At that moment, there was a knock on the door that echoed around the house. I half turned to go to the door and looked back to see if Gerald might by any chance—no. He’d vanished back into the woodwork. It was going to happen all over again. There was nothing for it. With a sigh, I opened the door and ushered in a young couple.

“Oh, I love the molding!” The woman said.

“Gorgeous floors,” her husband added.

The door clicked shut behind them and we were enveloped in silence. A cold breeze ran through the house. The woman looked around and shivered, stepping closer to her husband. “Do you…hear something?”

Ten minutes later the couple ran out of the house, ashen faced. As they squealed their tires driving away I thumped down on the front porch and put my face in my hands. I could feel Gerald watching me, worried, from the windows, but I didn’t bother to look back at him. It wasn’t really his fault that my life was in shambles. After Allie had left last year, I’d decided to throw myself into my work, become the most successful real estate agent in the Tri-Cities area, make a boatload of money for myself, maybe speak at conferences about forging through heartbreak to find success.

And of course, I decided to start my career to success with 456 Battenburg Drive. The ghost house. The house that most of the agents at Housefinder Real Estate would actively dissuade people from looking at. I had taken a sleeping bag, my laptop, a boatload of snack food, the existential despair Allie had left in her wake, and gone to meet Gerald.

After he scared me witless, we had a good night. He told me his woes—he’d been a lawyer of some type, married to a lovely woman, but had chosen to invest in personal gain rather than his marriage. He’d used his rubicund features to swindle and cheat until he’d swindled and cheated the wrong man and had been murdered in the hallways of his own house. He had so neglected his wife that she remarried less than a year later and went on to live a long and happy life with her new husband—while Gerald’s ghost was locked into 456 Battenburg Drive, eternally alone and repentant.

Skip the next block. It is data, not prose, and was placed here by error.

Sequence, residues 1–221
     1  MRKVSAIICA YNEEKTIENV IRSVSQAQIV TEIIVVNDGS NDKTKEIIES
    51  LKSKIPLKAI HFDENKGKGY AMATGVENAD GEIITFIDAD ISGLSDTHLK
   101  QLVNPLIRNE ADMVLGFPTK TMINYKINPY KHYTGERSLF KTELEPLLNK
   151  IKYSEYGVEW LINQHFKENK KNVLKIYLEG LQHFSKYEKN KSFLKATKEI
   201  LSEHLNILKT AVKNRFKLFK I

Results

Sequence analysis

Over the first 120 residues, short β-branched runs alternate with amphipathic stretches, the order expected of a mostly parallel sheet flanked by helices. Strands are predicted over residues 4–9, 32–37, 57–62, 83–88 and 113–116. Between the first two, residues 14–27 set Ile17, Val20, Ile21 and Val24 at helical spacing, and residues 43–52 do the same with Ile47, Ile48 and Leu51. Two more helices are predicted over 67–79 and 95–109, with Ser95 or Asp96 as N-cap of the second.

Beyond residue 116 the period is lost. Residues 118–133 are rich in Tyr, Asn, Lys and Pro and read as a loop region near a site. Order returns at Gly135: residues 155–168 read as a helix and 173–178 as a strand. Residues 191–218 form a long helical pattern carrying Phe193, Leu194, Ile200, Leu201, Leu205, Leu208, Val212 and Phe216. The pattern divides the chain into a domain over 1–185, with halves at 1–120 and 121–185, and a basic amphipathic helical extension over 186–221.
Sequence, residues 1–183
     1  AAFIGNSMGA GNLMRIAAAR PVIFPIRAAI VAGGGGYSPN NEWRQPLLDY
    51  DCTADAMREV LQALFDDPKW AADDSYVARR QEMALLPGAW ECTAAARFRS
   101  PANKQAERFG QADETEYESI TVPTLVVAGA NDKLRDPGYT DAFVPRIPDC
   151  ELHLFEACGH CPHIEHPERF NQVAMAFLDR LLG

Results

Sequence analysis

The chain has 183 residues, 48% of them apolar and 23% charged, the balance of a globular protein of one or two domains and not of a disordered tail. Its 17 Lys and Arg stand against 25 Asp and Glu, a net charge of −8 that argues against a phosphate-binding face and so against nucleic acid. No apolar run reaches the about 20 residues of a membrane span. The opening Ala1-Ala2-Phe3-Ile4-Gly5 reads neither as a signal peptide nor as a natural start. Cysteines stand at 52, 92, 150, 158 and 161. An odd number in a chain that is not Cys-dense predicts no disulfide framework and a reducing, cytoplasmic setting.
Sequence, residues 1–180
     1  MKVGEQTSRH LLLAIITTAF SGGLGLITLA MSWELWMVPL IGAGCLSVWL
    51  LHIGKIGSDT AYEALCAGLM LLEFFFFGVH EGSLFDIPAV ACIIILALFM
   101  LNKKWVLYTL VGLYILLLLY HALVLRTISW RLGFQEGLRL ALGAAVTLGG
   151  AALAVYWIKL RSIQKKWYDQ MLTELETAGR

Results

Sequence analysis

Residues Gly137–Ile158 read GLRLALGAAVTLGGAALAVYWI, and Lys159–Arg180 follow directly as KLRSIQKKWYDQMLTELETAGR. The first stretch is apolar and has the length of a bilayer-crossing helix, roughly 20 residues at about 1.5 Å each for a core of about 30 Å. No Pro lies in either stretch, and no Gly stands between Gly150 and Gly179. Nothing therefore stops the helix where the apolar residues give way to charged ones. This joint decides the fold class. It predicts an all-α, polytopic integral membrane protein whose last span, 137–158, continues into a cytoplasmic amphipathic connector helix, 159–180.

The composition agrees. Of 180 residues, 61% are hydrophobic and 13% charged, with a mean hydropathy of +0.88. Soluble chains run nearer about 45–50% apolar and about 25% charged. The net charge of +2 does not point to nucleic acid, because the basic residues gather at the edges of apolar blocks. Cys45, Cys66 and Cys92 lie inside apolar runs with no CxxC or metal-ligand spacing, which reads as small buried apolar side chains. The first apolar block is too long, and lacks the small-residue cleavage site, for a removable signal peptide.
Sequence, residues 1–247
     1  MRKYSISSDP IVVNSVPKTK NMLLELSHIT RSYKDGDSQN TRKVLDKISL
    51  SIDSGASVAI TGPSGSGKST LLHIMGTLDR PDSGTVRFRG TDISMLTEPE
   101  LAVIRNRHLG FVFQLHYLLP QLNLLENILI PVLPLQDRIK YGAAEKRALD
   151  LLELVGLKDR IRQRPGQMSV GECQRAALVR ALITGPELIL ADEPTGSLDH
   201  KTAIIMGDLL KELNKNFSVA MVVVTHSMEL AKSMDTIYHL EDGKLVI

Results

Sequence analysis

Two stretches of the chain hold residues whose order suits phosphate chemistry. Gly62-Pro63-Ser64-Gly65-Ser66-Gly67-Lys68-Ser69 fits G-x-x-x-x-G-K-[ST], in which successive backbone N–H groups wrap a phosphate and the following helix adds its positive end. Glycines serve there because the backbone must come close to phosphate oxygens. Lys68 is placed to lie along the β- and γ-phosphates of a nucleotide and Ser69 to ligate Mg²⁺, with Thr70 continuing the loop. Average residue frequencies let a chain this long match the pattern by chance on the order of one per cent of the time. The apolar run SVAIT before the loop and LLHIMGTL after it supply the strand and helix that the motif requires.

As he sobbed into my chip bag, I told him all about Allie and how she’d dropped her copy of our house key in my lap three weeks before the wedding and walked out of my life without looking back. Then we watched the new Avengers movie and I left the next morning firm friends with a ghost.

Nobody had known the ghost’s name before, and most of my coworkers figured that my stories about my conversations with Gerald were a bizarre sales tactic. And unfortunately, he was still bound by his contract, no matter how friendly he might feel towards me, so the dramatic entrances never varied. I couldn’t get a straight answer out of him about the afterlife and where his contract had come from—he always went hazy around the edges and his voice broke up like a bad cell phone connection when he tried to talk about it.

But that had been almost a year ago. Now I was turning into the office joke. I’d been called into my boss’s office the other day and informed that if I brought any more clients to be terrified at my haunted house, I could find myself a different job. Gerald was eternally hopeful that I would find someone nice to live in his house, but he also wouldn’t let up about that stupid contract. I called my boss. “Diane,” I said, “Before they complain—”